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The Panama Canal, a 48 mile (77.1 kilometre) ship canal that connects the Atlantic to the Pacific Ocean, is celebrating 100 years since it opened. Caterpillar products have been involved in the construction and expansion of the canal throughout its history.
France began work on the construction of the Panama Canal in 1881, but had to stop in 1889 because of engineering problems and high mortality among workers due to disease. After years of debate, the United States took control of the Canal project in 1904. Inheriting a number of buildings, infrastructure and equipment in poor condition, the U.S. established the Isthmian Canal Commission for the Panama Canal (ICC) to oversee the construction.
The first ship passed through the Panama Canal on August 15, 1914, signaling completion of the project. Approximately 1,000 ships traveled through the canal’s first year. One of the largest and most difficult engineering projects ever undertaken, the Panama Canal greatly reduced the time needed for ships to travel between the Atlantic and Pacific Oceans.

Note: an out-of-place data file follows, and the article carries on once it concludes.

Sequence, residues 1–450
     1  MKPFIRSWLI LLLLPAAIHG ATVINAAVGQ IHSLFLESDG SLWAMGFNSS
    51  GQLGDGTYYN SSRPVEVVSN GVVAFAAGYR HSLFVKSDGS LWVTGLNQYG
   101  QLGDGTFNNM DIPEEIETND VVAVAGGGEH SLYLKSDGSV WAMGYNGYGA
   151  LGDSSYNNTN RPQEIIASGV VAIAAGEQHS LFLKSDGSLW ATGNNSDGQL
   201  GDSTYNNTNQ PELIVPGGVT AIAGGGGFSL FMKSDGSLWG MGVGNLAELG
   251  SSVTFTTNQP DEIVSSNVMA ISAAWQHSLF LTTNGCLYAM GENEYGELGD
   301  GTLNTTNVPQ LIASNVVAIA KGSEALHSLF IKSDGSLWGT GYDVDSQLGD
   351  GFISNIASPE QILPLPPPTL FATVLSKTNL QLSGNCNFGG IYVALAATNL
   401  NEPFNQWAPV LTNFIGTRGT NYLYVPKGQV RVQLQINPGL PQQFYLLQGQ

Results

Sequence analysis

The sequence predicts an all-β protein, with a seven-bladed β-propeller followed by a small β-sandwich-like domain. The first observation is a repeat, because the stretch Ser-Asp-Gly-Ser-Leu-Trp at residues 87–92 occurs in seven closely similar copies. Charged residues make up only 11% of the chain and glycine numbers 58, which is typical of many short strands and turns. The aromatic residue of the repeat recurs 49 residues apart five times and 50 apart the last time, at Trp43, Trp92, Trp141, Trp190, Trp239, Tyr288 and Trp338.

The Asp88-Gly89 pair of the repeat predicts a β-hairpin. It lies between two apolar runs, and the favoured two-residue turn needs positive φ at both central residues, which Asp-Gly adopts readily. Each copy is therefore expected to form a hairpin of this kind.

In the years since, several projects have helped to widen and expand the Panama Canal.
The Isthmain Canal Commission for the Panama Canal construction project awarded their first steam shovel bid to Bucyrus (Caterpillar Inc. acquired Bucyrus International, Inc. on July 8, 2011). Bucyrus continued to win bids from the Canal Commission until Secretary of War and Ohio native, William Howard Taft, intervened on behalf of Bucyrus’ Ohio-based competitor, the Marion Steam Shovel Company. By the end of the project, The Bucyrus Company supplied 77 of the 102 shovels purchased. Marion Power Shovel was awarded bids for 24 shovels, and the Thew Automatic Shovel Company supplied one 32-ton excavator.
Teddy Roosevelt became the first U.S. President to make an official diplomatic tour outside the Continental United States. During that time he visited the Panama Canal construction site and operated the controls of a Bucyrus shovel.
Several Caterpillar machines helped widen sections of the Panama Canal.
Contractors used 75 Cat® machines on just the first two phases of a six-phase project to build a new single-lane, three-step lock system that will allow the Panama Canal to accommodate larger vessels.
Named one of the seven wonders of the modern world by the American Society of Civil Engineers, the Panama Canal now sees over 14,000 vessels traveling through its locks and passages each year.